Advisor Profiles

by Wynn Williams

last updated 11/12/2020


Prepare For The Future

by Wynn Williams

last updated 11/12/2020


Katrina Hammon of Wynn Williams Lawyers on the changes facing franchisors

The way that franchisors need to manage their legal obligations is changing. Franchisors are being drawn into their franchisees’ employment issues; Covid-19 has revealed frictions in landlord and  supply chain relationships; health and safety non-compliance is resulting in wider responsibilities. 

At the same time, there is expansion by acquisition, private equity firms are looking to diversify by investing in well-known brands, and successful franchises are crossing the Tasman in both directions.

‘It all means that franchisors need help to look after their networks, protect their franchisees and ensure they are on a firm footing for the future,’ says Katrina Hammon. ‘And that means having access to legal advice from people who don’t just understand franchising but are part of a larger firm with expertise in other areas and can deal with investors, like private equity firms.’

Katrina Hammon, Wynn Williams
Lawyers

Katrina is a partner with Wynn Williams, which has over 100 staff in its Auckland and Christchurch offices. Katrina spent eight years working in Australia, specialising in franchise law, helping Australian franchisors expand at home and internationally, and eventually becoming in-house lawyer for Sumo Salad before returning to New Zealand. It’s an experience that has given her a broad understanding of franchising working with global brands.

Learning the lessons

‘Kiwi franchisors can learn a lot from Australia about best practice to help them be aware of representations being made on their behalf and manage the risk of franchisee claims. Many disputes have their origins during the recruitment phase, and putting things in the disclosure document doesn’t really protect you if people don’t read them.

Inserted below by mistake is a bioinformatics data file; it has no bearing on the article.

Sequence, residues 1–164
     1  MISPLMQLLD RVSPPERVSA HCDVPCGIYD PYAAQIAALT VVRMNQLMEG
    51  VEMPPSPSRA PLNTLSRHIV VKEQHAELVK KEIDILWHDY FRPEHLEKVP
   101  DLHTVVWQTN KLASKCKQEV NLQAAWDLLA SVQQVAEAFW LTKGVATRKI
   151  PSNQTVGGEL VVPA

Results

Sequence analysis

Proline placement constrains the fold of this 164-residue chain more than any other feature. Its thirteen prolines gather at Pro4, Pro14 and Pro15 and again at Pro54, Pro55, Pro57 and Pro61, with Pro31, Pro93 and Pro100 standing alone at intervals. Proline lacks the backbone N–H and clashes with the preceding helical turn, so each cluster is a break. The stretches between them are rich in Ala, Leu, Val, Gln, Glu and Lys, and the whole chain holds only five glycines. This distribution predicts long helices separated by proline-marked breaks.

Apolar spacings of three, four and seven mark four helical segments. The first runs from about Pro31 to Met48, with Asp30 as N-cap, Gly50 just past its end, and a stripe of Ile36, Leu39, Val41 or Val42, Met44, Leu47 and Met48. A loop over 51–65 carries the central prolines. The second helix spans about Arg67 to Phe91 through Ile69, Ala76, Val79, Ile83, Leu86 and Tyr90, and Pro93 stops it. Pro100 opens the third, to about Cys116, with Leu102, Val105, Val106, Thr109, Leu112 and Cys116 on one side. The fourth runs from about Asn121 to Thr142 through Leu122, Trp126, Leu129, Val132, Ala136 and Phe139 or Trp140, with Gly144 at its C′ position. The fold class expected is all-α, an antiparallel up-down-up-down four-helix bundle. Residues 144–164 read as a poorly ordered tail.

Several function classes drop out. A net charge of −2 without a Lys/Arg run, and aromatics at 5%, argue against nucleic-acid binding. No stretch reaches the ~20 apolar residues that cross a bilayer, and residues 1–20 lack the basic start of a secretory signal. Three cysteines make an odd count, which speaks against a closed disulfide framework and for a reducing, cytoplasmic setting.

‘That’s why we’ve developed tools such as a pre-contractual questionnaire to help both franchisors and franchise buyers make sensible, informed decisions. If you get that right, it reduces the risk for both parties and protects against the damage and division caused by recruiting the wrong people.

‘And with all the regulation there, Australia is more litigious, more adversarial in some ways – New Zealand is less dispute-driven. If you  don’t understand the differences, it’s easy to get things wrong going to the other country.’

Expansion expertise

Acquisition and investment is another of Katrina’s areas of expertise. ‘We’re increasingly seeing franchises expand through acquisition, either domestically or internationally, and some networks that are straddling the Tasman are seeing good growth as a result. Conversion franchising is hot, too – for example, with private equity backing, I have assisted clients in gaining instant traction through purchasing stores rather than opening new ones.

‘It can be a good route but it requires expert assistance across a number of legal disciplines, including corporate affairs. That’s where Wynn Williams’ wide-ranging expertise is so valuable  in supporting our franchise clients, no matter what their plans.

‘So if you are looking at improving your recruitment processes, expanding your franchise internationally, growing locally or bringing in new investors, talk to Wynn Williams for a fresh approach.’   

See this advertorial on page 32 of Franchise New Zealand magazine Year 29 Issue 3

Contact details for Wynn Williams

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